The ultimate learning facility is the classroom. The entire school is a sound paradise. Within each room, there are sounds imaginable and unimaginable-children and adults are bombarded with constant sound. It is strongly suggested, when focusing on Onomatopoeia, to allow children to listen quietly and attentively. They will become experts to what makes what sound and they’ll be able to imitate it. They’ll be able to hear the sounds of the motor in a water fountain, the sounds of a fish tank, footsteps in the hallway, maybe outside sounds as well. There is really no limit to the way in which sound is perceived. If possible, allow the children to visit the main office, the cafeteria before and after lunch, the gym. As these in-school trips occur, the children can have group discussions about what sounds they heard and list these sound words on the blackboard. Mini trips can also be a walk around the block. Discovering outside sound is great. Children can become more aware of outside sounds when their eyes are closed.
Outside sounds can be overwhelming or quite tranquil. In the city, sounds of cars, traffic, construction machinery, horns, whistles may be more evident; whereas country sounds may be a babbling brook, wind blowing through the leaves of a tree, insects, or the chirping of birds.
With the physical and not-so-physical environment, children can continue to become creative in their own unique way in learning to read and write “sound words”.
As this unit develops and expands, it might be somewhat difficult to actually find materials on Onomatopoeia poetry. It is important to remember throughout this unit that children are very creative when given the proper tools to express themselves creatively. Many children have a want, a need and a desire to learn-a little encouragement and creativeness can go a long way-this applies to those from pre-school through high-school.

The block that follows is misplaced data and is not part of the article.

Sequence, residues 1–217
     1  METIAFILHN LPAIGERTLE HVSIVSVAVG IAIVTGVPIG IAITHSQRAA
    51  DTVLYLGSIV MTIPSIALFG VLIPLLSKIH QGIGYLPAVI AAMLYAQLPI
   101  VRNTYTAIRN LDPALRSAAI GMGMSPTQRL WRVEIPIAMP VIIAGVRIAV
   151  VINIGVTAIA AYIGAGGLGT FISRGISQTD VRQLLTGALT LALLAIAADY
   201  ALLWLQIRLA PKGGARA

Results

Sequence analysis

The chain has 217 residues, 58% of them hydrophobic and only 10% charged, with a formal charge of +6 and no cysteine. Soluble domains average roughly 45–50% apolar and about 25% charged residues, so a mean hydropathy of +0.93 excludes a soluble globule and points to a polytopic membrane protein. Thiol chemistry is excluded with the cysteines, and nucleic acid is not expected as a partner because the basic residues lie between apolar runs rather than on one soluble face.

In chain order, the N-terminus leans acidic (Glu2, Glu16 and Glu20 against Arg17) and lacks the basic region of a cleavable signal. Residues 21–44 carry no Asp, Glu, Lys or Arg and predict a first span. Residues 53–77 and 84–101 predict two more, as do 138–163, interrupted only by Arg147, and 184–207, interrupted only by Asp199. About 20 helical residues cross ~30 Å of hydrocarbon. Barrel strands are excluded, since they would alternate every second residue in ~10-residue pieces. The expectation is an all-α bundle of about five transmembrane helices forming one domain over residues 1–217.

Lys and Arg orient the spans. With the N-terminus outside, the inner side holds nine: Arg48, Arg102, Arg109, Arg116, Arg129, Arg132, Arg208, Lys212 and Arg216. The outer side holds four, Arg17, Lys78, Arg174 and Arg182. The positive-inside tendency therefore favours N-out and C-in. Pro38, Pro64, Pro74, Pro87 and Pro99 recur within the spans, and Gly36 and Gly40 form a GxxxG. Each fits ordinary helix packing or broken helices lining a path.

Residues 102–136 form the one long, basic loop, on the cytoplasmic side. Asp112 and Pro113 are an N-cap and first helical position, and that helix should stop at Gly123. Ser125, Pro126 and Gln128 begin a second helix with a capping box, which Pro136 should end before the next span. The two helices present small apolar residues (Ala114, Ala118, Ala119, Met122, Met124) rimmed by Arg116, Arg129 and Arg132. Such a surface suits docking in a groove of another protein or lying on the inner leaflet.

Guidance through words, sounds, music, and prior knowledge of varied experiences can lead to dramatic academic gains for children. Sound is heard and created at all levels and volumes. The time has long since come when we as educators must relate the reality of our society in our educational institutions. Learning to read and write should be a pleasurable experience in our schools for all students.
Children and teachers thirst for new and innovative ways to promote learning. Onomatopoeia poetry, music and sound words, with the collaboration of basic reading and writing (and other needed elements) can create a new dimension of higher intellectual learning for children.